CO2 gas stream flows successively through 2 condensing units (condensing unit = 1 condenser and its associated separation pot) to cool the gas below 50°C and recover 90% of water carried by vapour pressure.


The separation pot of the first condensing unit allows recovery of the main part of condensed water at 75°C. Same quantity of water as for the existing case can be recycled to the stripper without additional energy requirement to warm it up.


Supplementary water recovered at 50°C in second separation pot is in little quantity. It can be recycled to the stripper to lower the demineralised water make-up. Energy required to warm it up to solvent temperature is minor because water flow is little.

 

For this improvement, CEAMAG provides for an optimisation of the temperature of first condensation in regard to the overall energy balance of the system


It is worth to note that in case of use of MDEA solvent, this solution even allows for cancellation of demineralised water make up. Water from the second pot is not recycled but disposed without any need for treatment.


Turbine on rich solvent


In addition to split condensation described above, CEAMAG proposes the installation of a turbine on rich solvent stream leaving the absorber.


The pressure let down is normally made by a control valve. It is proposed to recover the energy of let down of solvent (about 35 bar to 4 bar) instead of wasting it in the control valve. Turbine can be connected to an alternator in order to produce some electrical power which can be easily added to the existing plant power network.
Alternative could consist in driving a pump directly with this turbine. But in the case of a revamping, it is very unlikely to find an absorbed power matching with driving power from turbine.


Flashing feed galleries (See fig.2)


figure 2
Figure 2


CEAMAG recommends the installation of so-called flashing feed galleries on top of strippers at the level of rich solvent inlet. These galleries aim to eliminate or reduced the local corrosion phenomenon described in Chapter 2.


The main purpose of these galleries is to act as an internal deflector protecting the walls of the pressure vessel. It is supplied in parts which can be inserted through an existing manhole. It can be easily removed and replaced if corroded.


Feed device shall be suited for handling the amount of gas released. The flashing feed galleries must be designed in accordance to specific equipment geometry.


  1. Feed lines may either be radial or tangential depending on existing equipment.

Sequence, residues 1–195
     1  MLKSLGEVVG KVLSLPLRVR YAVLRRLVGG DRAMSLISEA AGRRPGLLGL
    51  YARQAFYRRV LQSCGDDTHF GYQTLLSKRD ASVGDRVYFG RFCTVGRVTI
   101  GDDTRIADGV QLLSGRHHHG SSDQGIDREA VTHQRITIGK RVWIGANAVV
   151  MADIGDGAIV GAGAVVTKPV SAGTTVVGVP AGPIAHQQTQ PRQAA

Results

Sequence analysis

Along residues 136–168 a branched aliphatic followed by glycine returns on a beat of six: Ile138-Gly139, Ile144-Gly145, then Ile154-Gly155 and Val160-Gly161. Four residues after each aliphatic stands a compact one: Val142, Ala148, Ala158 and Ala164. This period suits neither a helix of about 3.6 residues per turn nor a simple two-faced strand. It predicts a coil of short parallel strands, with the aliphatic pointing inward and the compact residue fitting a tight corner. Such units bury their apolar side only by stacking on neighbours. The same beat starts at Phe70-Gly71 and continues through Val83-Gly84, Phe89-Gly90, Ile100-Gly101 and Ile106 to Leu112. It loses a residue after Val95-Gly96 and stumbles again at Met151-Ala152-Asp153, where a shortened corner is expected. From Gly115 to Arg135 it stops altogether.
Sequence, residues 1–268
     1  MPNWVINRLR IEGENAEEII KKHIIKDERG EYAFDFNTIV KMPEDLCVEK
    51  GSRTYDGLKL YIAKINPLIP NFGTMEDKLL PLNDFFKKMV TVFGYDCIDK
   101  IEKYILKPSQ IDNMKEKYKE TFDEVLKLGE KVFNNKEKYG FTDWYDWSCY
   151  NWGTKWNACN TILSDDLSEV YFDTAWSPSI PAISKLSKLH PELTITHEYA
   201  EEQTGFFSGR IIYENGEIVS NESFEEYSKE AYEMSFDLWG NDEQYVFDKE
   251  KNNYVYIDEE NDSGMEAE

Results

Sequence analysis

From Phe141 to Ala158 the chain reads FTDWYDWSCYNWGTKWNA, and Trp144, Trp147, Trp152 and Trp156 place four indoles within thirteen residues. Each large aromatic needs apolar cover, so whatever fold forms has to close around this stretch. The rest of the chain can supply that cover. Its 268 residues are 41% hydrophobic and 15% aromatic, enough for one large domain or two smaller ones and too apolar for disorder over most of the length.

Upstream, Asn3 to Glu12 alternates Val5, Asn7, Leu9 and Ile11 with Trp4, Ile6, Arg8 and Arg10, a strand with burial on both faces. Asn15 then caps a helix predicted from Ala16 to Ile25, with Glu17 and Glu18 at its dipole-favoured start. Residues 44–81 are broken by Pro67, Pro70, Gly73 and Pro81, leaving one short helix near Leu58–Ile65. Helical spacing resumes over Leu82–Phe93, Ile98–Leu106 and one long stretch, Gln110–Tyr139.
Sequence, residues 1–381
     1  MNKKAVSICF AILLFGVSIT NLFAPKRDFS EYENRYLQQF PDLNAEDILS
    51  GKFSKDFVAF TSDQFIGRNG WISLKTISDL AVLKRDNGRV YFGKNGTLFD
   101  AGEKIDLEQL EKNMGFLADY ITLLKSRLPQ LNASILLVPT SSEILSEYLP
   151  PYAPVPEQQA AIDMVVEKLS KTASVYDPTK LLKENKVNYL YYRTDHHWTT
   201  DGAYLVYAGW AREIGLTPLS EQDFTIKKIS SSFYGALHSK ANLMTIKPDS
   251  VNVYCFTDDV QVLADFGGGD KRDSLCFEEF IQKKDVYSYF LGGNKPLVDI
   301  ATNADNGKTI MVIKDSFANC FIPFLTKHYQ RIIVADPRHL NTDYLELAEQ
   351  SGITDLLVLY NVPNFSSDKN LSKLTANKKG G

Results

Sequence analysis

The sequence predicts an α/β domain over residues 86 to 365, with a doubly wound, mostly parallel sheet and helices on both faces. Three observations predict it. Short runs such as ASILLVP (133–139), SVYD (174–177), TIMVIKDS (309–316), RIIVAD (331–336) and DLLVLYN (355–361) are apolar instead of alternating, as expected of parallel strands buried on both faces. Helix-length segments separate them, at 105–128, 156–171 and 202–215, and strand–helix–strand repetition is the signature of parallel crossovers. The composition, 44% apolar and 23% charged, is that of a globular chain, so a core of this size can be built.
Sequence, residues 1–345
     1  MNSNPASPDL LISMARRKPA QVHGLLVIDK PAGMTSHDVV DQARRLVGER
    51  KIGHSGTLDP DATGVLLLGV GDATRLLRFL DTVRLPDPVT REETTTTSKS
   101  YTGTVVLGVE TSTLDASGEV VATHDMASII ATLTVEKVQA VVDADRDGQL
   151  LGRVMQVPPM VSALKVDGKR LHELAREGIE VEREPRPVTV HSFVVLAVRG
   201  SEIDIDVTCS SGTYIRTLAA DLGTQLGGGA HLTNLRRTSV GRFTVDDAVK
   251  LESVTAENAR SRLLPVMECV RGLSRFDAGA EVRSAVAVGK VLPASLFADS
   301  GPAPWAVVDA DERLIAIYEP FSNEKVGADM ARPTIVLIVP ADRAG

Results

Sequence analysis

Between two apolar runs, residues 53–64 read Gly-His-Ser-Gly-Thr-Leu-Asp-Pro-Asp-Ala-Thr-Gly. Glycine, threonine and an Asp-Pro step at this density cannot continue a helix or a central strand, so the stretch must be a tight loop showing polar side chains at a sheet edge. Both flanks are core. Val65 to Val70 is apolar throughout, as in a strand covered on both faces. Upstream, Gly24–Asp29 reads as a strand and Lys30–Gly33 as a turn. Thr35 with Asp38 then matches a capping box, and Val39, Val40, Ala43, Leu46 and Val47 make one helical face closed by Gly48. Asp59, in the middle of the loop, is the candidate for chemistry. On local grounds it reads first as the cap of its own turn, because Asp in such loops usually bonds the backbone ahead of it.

2. Number of inlets (1 or 2) depends on diameter of equipment
  3. Installation may require to withdraw the first tray (top tray) to allow for sufficient free distance between the gallery and a possible demister pad. Removal of this tray has no impact on performance of the regeneration in case of use of aMDEA® solvent.

Revamping of MEA based plants with re-use of solvent


Revamping possibilities include:


  1. the implementation of split condensation described above
  2. the installation of turbine on rich solvent let down to produce electric power or to drive a solvent pump as described above

Revamping of hot potassium based plants with re-use of solvent


Revamping possibilities includes:


  1. the implementation of split condensation described above
  2. the installation of turbine on rich solvent let down to produce electric power or to drive a solvent pump as described above
  3. Use of thermo-compression technology as described here after

Thermo-compression (See fig.3)


figure 3
Figure 3 : TYPICAL FLOW DIAGRAM FOR THERMO COMPRESSION TECHNOLOGY


Thermo-compression aims to recover as much energy as possible from lean and semi-lean solvents before they are cooled down by water. It results in decrease of energy consumption in process and steam reboilers.


Side effects are:


  1. Off-loading of stripper reboilers because their duty is reduced
  2. Deeper regeneration of solvents
  3. reduction of cooling water requirement.

Thermo-compression of water vapor applies on both lean solvent and semi-lean solvent streams. It must be implemented for both strippers. The description principle is presented for the lean solvent and for one stripper:


Lean solvent exiting the bottom of the stripper is normally sucked by transfer pump and discharged to the top of absorber via cooling water heat exchanger.